Friday, September 5, 2008

I hike

I like to hike. No, that's not right. I love to hike.

I love putting on my shoes, slathering myself in 40% Deet and heading to the Bay Ridge Trail that is less than a mile from my house.

The dogs seem to like it as well. Every time Jada sees me putting on my trail runners, her tail wags and she begins to jump in anticipation. Blondie hears the commotion and comes running as well. They love the trail. It's one of the few places they are allowed off leash. And the trail, unlike the dog park holds endless wonders in the form of lizards, pheasants, wild turkey, the occasional deer and odd coyote. Yes we all love to hike.

When we get to the trail, the dogs start going wild. They choke themselves pulling me to the point where they know the will be released into the wild. Jada goes off leash first and bounds into the dry grass prancing like a stag. Blondie stays on leash a little longer. Being a terrier mix, she has a tendency to run off. I wait till we are further up the trail where there are no detours for her to take before I let her go.

The first hill we climb is not that steep but runs about the length of two football fields. Two hundred yards of gradual incline is enough to labor your breath, feel the strain in your quads and begin to feel sweat form on the back of your neck, regardless of the temperature. Achieving this first slope is always a satisfying reminder that I can triumph over obstacles if I keep a steady pace. I've done it before, thus I can do it again. When the incline flattens out a bit I take a quick swig of water and continue on.

The next hill is much shorter but steeper. My second wind kicks in and I reach down to let Blondie off the leash. She takes off like a rocket running back and forth like a white streak with Jada close behind her. They will spend the rest of the hike playing this game of chase back and forth up and down the trail as I progress up and down the hills. When I get close to the top of the second hill I allow myself a look back at the world below. I can see the hills of Contra Costa county and a good portion of South Hampton Bay that makes Benicia so picturesque. Sometimes when I look back I see the Amtrak train on the tracks on the other side of the water glowing from the reflection of early morning sun.

When I get to the top of this hill I can also see the Carquinez Bridge which is the first bridge to the San Francisco Bay Area when coming west on Interstate 80. Occasionally when driving across this bridge I'll see an out of state car, obviously on some sort of cross country trek. I always look at the passengers just to see their amazement that there is water on this side of the land and this is where one really sees it. Beyond the Carquinez Bridge lies the rest of the Bay Area of which I can only make out various hills that I know are covered with eclectic suburbs, oaks, and dry grass not unlike that which I currently work my way through.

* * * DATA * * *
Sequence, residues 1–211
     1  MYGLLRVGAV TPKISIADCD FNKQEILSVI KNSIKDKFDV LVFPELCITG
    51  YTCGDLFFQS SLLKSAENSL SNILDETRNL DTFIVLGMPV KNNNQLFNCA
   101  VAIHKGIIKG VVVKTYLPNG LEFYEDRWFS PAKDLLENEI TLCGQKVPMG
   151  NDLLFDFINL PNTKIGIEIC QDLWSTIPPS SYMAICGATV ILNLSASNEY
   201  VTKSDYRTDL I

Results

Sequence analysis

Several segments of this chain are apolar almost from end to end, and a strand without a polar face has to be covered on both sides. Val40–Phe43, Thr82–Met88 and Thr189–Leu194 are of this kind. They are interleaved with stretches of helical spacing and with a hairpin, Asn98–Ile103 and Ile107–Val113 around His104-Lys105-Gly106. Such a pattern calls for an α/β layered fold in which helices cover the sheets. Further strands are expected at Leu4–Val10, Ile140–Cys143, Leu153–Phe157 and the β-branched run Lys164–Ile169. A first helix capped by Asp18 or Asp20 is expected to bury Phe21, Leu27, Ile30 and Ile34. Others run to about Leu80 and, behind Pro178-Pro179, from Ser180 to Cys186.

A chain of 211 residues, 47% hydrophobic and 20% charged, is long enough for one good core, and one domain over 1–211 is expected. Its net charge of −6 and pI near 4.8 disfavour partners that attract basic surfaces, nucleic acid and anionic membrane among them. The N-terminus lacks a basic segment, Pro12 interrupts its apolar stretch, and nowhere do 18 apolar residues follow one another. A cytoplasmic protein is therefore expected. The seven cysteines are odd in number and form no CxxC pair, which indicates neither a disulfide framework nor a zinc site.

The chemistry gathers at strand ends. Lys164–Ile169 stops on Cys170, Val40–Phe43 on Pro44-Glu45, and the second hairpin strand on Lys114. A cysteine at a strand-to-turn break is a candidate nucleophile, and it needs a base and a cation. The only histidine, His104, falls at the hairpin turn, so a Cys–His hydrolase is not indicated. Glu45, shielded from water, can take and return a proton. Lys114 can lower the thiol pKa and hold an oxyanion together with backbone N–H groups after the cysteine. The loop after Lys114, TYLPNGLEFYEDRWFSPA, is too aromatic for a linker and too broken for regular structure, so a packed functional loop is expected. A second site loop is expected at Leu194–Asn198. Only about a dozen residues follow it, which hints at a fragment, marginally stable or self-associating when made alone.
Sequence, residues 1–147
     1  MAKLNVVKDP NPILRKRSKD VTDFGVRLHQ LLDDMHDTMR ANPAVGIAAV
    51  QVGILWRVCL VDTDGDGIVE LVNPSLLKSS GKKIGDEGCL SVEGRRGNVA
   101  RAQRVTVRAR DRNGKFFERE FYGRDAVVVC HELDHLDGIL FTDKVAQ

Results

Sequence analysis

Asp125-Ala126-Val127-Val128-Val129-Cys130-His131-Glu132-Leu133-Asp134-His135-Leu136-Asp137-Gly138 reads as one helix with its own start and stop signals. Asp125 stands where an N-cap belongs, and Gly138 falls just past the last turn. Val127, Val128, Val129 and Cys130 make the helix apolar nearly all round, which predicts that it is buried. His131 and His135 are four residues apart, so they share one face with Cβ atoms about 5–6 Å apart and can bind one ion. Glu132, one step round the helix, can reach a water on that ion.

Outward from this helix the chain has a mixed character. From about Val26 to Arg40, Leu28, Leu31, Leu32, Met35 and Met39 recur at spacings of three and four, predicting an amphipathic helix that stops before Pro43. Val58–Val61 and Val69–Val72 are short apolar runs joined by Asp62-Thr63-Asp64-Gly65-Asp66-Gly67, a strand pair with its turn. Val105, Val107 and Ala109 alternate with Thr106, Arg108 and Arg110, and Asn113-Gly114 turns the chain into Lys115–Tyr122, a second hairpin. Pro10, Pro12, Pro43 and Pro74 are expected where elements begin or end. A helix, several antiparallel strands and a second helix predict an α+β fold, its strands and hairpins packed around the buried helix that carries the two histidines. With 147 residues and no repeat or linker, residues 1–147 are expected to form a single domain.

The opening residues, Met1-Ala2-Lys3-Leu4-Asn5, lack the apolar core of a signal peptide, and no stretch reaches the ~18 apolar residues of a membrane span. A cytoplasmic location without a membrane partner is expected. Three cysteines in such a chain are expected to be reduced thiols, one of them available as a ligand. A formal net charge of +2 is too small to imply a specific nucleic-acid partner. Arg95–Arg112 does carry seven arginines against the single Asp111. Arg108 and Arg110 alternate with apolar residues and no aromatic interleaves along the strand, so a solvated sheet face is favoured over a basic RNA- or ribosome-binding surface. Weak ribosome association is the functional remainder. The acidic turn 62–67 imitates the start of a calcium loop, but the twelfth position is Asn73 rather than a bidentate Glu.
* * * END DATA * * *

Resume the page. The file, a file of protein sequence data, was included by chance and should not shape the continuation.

The third hill is the steepest. The trail winds back and fourth to get to the top. The dogs will typically stop running at this point and simply trail behind me. It's steep for them too. We get to the top and I begrudgingly turn back. Beyond this hill is a meadow, a ridge, another slope, and then a good steep climb that yields a view of the Golden Gate Bridge on one side and the inland delta on the other, this of course if the weather is clear. But I don't have time for that on my morning hikes. I only have time to make it to the third hill. So, I sigh and return back to repeat my steps back to my car.

I take this hike 2 to 4 times a week. I do it for a number of reasons. Stress is one. It's a great way to expend excess energy that comes with unresolved drama and strife. Weight loss is another. I've lost a good 20 lbs. since I started hiking these hills. But more than anything, I do it to think. For some reason, this is when I do my best thinking, and my thoughts have a way of aligning themselves in an order that makes sense when I work my way up and down those hills. The views, the wildlife, the sounds, are all just a backdrop to the larger symphony that goes on in my head where deeds and intentions align themselves like chords, and it all begins to make sense. Sometimes it's like a waking dream where thoughts I didn't even know I had float to the top of my consciousness and I'm forced to consider what they signify.

Hiking for me is an exercise both physical and mental. It reminds me that I'm strong, and allows me a space where I have no choice but to hear what my mind says. Sometimes what I hear is scary, and other times it's informative, but almost always it leaves me with a sense of clarity that I'm thankful to have when I am done.

No comments: